Motivation cannot be overstated, but the push to motivate cannot be perceived as lip service — this is the death knell of any organization. Motivation is continual, never-ending, with leadership’s genuine involvement to build credibility and set the tone and vison of the organization. Simply stated, you need to walk the walk.
So, how do you know if an employee is motivated? Is it simply based on work performance and meeting objectives? In my experience, no. These are basic tenets of the job for which they were hired. Motivation is measured differently — these are the soft skills individuals and teams bring to the table that add value and differentiation to your organization. They are your table stakes of performance. Motivated staff bring energy, optimism, and thought leadership to your organization, a willingness to change and adapt with great self-confidence.
So, how do I motivate staff?
As mentioned above, set the vision but be sure your vision is not unilateral — include your teams in the vision discussion; their contribution and involvement are key.
I meet with every person throughout my organization for 15 minutes — yes, everyone (370 people). I call it the “15-minute CIO.” The 15 minutes is not about the business, although that is the commonality; it’s more about the individual and understanding the culture to set a motivation strategy. This is where you have an opportunity to voice your vision, gain immediate feedback, build teams, and motivate. Important to note — this is not a one-time deal. I keep it ongoing year after year.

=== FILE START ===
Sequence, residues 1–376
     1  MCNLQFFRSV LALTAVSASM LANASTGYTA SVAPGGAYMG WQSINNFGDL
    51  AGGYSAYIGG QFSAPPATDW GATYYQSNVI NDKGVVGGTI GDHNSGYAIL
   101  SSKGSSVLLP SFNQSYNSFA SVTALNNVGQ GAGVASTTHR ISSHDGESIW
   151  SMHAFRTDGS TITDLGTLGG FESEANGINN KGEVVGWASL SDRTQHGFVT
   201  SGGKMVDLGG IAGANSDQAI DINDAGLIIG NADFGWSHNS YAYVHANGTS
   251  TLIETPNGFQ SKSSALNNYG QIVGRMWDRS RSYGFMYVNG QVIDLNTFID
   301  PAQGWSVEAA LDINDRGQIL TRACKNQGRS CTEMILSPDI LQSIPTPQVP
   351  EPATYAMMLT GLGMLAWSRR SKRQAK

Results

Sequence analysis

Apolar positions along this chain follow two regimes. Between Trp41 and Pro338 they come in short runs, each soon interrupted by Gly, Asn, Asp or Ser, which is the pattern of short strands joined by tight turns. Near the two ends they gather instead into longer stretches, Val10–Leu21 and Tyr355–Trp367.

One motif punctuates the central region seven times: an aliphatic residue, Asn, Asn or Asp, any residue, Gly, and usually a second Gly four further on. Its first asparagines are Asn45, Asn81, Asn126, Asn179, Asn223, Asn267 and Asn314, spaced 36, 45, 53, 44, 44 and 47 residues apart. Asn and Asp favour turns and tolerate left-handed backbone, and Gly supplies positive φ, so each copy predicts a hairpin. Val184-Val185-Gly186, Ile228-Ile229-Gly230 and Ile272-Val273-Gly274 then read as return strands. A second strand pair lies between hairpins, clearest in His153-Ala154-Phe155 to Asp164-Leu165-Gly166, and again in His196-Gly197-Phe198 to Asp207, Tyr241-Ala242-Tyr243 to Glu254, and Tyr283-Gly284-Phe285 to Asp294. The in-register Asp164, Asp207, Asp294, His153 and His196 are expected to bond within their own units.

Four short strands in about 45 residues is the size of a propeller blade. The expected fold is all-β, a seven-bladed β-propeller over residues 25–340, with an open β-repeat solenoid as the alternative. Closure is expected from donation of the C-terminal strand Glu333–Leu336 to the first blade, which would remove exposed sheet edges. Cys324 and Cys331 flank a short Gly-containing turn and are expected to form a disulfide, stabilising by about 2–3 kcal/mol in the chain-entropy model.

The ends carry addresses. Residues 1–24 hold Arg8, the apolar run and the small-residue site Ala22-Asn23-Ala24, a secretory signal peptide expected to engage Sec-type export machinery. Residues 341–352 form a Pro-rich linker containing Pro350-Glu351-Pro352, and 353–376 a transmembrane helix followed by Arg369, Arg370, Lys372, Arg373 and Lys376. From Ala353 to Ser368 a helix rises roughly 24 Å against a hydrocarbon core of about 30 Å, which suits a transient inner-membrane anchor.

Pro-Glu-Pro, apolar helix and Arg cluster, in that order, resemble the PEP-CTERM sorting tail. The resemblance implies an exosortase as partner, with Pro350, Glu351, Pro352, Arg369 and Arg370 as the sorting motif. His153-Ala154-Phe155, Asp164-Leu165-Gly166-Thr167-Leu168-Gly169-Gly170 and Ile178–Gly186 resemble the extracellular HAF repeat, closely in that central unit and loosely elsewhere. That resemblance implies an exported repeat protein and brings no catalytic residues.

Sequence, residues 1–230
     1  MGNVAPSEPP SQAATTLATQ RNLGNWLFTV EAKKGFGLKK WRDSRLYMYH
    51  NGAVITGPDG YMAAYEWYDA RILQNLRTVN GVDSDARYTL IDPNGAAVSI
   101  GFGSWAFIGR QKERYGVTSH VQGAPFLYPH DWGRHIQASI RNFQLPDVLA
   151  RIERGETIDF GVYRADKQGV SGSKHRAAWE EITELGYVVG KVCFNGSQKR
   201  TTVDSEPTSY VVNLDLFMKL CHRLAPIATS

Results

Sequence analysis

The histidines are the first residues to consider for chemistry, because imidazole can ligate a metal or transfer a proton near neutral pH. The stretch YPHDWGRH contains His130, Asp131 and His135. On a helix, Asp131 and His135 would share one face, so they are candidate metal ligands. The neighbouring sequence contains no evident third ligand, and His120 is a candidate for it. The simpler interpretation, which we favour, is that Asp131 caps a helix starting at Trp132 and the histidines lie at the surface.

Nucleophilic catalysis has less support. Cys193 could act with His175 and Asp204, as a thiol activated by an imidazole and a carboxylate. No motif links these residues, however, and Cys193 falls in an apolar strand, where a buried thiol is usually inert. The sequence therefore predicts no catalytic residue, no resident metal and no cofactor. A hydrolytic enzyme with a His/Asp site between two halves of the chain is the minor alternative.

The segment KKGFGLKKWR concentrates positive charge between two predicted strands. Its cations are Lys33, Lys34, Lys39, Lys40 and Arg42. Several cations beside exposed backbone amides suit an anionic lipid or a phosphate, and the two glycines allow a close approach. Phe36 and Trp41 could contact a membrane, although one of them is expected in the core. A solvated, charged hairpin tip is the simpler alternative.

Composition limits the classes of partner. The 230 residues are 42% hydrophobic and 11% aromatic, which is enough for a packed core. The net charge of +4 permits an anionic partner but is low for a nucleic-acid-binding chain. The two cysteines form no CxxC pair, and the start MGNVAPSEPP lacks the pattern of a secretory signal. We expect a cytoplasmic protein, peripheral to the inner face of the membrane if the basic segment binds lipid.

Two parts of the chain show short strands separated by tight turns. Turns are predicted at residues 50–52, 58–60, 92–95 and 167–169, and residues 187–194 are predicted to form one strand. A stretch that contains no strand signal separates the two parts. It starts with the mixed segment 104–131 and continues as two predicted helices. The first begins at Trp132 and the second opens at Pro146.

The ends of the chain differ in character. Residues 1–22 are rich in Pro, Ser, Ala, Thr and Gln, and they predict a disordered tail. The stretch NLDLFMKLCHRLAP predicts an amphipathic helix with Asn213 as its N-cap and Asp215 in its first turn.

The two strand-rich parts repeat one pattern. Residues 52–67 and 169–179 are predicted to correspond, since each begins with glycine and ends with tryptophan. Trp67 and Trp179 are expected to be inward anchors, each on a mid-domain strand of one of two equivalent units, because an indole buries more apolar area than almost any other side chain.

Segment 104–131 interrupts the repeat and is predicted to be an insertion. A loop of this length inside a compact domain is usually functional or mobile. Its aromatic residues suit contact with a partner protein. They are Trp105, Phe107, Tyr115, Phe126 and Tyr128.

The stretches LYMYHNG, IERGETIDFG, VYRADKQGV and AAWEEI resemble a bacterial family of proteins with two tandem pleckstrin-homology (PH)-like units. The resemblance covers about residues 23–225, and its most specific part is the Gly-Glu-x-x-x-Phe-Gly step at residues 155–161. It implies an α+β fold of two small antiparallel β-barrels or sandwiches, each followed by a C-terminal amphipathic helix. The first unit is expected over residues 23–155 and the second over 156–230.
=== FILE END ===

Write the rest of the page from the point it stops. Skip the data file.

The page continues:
Shop the hallways, cubicles, and offices. Make your rounds, be seen and be presentable — engage. Tied to the “15-minute CIO,” I find this to be the most effective in motivating individuals and teams. Reinforce your vision and genuinely ask how they are doing, how you can help — it’s not all about you.
Continuous praise. Praise individuals and teams for their achievements, (using sports analogies) both on and off the court — it’s not always about the business. It’s important to showcase achievements in their personal lives, as well as their contribution to the organization.
Succession planning. Build a strategic succession plan to promote your best motivated staff to keep them fresh, but be careful — don’t set them up for failure. Lastly, money isn’t everything, but it sure helps.
James Swanson, SVP/CIO and Head of Digital Transformation, Bayer Crop Science
Bayer has outstanding talent in the IT field. Our employees are in such high demand they literally could work anywhere. Yet they choose to work at Bayer. Why?
It’s simple — our IT employees embrace our mission and vision to shape modern agriculture, helping farmers feed a growing planet in a sustainable manner. They tackle the toughest challenges of the oldest profession using the latest technologies, like AI, blockchain, and decision sciences. They fail fast, learn, and immediately build on their experience. They advance disruptive ideas, scale appropriately, and accelerate shared knowledge. They work in a collaborative, entrepreneurial environment as equal partners with the business to help inform and drive key decisions. And they create products that support cutting-edge science in biotechnology, chemistry, and agronomy. Each our employees views themselves as an advocate for driving digital transformation in our industry.
So, number one, we motivate IT talent by connecting roles to a higher purpose. Helping our farmers grow more food sustainably is a passion for IT employees at Bayer. I am so proud of that commitment I see every day.
Two, we reward and recognize great talent. Historically, Monsanto IT has been a forward-leaning company that enables its employees to not only advance, but shape, their own careers. I see those opportunities increasing with Bayer — from professional and technical skill development, such as innovation challenges and hackathons, to employee-led business resource networks that promote inclusion and diversity.